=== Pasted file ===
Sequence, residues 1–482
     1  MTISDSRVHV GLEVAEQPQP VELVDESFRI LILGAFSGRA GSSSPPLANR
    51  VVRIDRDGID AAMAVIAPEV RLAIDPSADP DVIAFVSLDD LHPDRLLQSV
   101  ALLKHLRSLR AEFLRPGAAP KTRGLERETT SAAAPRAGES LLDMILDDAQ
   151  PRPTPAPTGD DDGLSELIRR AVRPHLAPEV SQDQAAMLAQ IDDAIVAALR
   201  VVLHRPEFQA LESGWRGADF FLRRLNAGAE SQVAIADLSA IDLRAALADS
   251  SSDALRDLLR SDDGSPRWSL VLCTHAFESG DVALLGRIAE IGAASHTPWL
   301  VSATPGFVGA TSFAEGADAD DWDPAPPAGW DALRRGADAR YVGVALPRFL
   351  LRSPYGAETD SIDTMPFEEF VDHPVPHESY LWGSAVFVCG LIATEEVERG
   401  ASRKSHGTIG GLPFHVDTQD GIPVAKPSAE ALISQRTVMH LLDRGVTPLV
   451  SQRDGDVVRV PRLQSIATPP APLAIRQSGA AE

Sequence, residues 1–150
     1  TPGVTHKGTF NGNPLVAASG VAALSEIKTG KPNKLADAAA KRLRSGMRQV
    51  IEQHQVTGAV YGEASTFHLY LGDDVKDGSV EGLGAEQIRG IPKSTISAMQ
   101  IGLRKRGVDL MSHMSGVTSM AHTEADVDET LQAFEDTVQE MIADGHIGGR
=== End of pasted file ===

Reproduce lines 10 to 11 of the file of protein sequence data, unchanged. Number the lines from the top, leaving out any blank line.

   401  ASRKSHGTIG GLPFHVDTQD GIPVAKPSAE ALISQRTVMH LLDRGVTPLV
   451  SQRDGDVVRV PRLQSIATPP APLAIRQSGA AE